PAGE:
You know, after a day of sanding you really begin to hate life. This is what led me to go ahead and do the final paint job on Leopold's head. The result was encouraging so I decided I would keep the sanding hell going all the way to the finish line. This revealed some more touch up work I had to do to smooth out the body and mushroom. I used spot putty for these minor adjustments. I also went ahead and drilled a depression in the mushroom where I wanted the hookah to sit coiled in his tail.

After this I went ahead and based out the body and the mushroom again to see how it was looking. I painted some test patterns on his back because at this point I wasn't sure what kind of pattern to use. I also finished the paint job on his hands. I was working on several pieces at the same time so that's why you see the guy in the yellow bunny suit laying in the picture. His name is, "Skippy". 

So I went ahead and painted his body, still knowing I would have to refine the pattern on his back (which is my Zombienose moniker). The next step was to start adding his little hook feet and the grass on the artwork's wood base. I made the little feet with Magic Sculpt and also beefed up his chest a bit with it. Using Magic Sculpt I made little mounds on the base and pushed plastic grass into them. I also drilled a small hole in the base and slid a plastic flower in to fill out the scene. 

Finally, I was reaching the home stretch with this project. Around this time I decided I wanted him to wear a hippy shirt with some kind of vest as he was toking away on his hookah so I enlisted help to fabricate this. The shirt was fitted and looked good, but because the fabric was sheer the arm forms needed to be constructed to hide the armature wire. I painted his chest up to match to his head and body. I also started applying some red paint to the mushroom and blackened the base to visualize the completed piece. 

Once again, I was satisfied with the progress and relieved it would soon be finished. I added a bit of gravel and painted some spots on the mushroom head before I moved on to a set of glasses for my new friend. I made them simply and quickly using these metal curly trinkets I found at Joann's Fabric and Craft store. You'd be surprised at how much frustration can motivate your progress! Anyway, I just cut out the curly middle portion and bent the loop. I also found a bag of doll googly eyes, which I used for the lenses of the glasses.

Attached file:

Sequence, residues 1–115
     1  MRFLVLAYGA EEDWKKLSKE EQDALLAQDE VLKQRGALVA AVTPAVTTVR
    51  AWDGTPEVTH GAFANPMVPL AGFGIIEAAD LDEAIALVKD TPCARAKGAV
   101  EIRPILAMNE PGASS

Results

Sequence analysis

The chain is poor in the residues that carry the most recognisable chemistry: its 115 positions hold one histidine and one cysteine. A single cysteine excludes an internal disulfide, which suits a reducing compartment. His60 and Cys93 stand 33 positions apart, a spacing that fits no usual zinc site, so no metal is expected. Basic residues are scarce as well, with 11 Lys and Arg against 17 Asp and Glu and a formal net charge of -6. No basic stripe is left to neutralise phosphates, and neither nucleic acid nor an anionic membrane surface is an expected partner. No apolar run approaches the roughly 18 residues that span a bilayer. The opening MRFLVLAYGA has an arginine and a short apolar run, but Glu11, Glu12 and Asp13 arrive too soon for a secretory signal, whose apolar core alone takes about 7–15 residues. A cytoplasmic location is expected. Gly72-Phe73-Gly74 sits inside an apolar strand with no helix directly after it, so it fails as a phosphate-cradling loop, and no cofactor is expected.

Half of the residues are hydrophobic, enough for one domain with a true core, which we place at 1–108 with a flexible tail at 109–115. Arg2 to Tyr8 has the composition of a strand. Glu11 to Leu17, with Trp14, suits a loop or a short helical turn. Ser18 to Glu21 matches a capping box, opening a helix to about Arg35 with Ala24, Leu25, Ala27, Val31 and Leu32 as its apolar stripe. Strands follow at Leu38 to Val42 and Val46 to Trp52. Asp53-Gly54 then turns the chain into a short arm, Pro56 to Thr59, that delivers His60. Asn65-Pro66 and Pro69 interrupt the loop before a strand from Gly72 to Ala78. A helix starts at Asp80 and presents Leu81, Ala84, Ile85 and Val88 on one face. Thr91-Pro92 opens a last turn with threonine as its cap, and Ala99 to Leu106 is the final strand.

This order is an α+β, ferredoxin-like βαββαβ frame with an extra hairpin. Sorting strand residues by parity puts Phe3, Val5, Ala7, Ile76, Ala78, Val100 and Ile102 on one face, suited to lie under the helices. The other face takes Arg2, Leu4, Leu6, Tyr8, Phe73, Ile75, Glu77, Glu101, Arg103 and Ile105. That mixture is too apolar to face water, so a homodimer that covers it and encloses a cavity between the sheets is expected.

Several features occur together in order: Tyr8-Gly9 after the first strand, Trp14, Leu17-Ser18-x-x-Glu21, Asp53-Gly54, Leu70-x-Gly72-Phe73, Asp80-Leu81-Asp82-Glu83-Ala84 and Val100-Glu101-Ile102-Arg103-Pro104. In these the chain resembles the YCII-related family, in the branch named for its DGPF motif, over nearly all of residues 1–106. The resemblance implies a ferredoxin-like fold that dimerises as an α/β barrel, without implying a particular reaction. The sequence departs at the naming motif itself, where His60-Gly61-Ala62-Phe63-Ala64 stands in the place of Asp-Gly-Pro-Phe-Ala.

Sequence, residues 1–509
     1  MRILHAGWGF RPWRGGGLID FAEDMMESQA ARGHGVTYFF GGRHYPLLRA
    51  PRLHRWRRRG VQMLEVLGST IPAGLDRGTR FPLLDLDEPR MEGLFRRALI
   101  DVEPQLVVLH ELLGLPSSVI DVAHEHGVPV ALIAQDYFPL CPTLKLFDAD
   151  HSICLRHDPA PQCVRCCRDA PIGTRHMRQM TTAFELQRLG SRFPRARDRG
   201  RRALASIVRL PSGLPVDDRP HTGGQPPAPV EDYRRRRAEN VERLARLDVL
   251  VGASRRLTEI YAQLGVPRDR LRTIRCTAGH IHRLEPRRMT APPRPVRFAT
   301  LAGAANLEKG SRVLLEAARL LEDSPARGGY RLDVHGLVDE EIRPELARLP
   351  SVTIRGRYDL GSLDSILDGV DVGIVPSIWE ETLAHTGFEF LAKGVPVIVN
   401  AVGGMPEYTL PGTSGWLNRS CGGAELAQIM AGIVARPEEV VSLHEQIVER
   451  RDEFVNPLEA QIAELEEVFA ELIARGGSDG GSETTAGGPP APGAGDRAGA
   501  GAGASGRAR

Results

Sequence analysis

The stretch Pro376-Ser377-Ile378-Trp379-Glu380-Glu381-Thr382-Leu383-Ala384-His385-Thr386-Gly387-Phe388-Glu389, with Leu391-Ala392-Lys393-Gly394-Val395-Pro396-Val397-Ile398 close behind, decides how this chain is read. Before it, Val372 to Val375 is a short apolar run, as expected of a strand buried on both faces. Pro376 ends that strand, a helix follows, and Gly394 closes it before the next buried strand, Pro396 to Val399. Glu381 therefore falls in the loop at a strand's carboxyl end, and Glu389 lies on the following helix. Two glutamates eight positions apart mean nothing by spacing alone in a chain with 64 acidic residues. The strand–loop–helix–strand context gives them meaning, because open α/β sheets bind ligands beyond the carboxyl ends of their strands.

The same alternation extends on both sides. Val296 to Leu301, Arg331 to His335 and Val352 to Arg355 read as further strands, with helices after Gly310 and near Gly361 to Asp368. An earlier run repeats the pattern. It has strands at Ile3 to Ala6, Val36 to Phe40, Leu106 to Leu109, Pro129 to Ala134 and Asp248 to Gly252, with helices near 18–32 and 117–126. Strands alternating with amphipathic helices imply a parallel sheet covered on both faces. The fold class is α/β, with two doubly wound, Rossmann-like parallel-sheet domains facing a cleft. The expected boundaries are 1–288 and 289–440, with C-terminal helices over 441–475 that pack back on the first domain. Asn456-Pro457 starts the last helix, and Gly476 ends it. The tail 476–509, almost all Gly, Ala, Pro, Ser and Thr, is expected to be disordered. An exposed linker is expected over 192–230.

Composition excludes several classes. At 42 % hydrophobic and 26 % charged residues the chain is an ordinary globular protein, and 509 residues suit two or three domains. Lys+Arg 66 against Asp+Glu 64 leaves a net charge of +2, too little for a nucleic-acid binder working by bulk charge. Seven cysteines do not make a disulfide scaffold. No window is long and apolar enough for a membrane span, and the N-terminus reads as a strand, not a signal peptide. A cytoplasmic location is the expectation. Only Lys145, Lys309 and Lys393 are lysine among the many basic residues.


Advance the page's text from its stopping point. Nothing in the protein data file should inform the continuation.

To fit them I modeled the earhooks with Magic Sculpt and glued each side on before I bent an extra curve to use at the nose piece. The plastic doesn't actually magnify his eyes but the curvature distorts them enough that it appears to. 

Unfortunately, I didn't document the Hookah build as thoroughly as I should have. The base and body were simply made with miniature ceramic and glass bottles that were permanently attache together. The top portion was made with a couple of 1/12 scale plastic drinking glasses glued end to end. The flower dish was in a pile of trinkets I had and the finishing touches were done with other parts like the ball chain made for ID bracelets used for the trim. Looking down upon the caterpillar, you can also see the details of the pattern I painted on his back. Note: the hookah is NON-functional!

Nearly complete, I simply added more gravel by applying 5 min epoxy to the base and tossing the gravel onto it. I painted it to break up the color and added a few pebbles and rocks too. The final touch were the drawer handles I added in order to lift the artwork without actually touching any of the details. 

And finally... after all of that.... it was done. Don't smoke or you'll turn blue, kids.


Here's the video:


Also, please feel free check out my friend's short film on Youtube: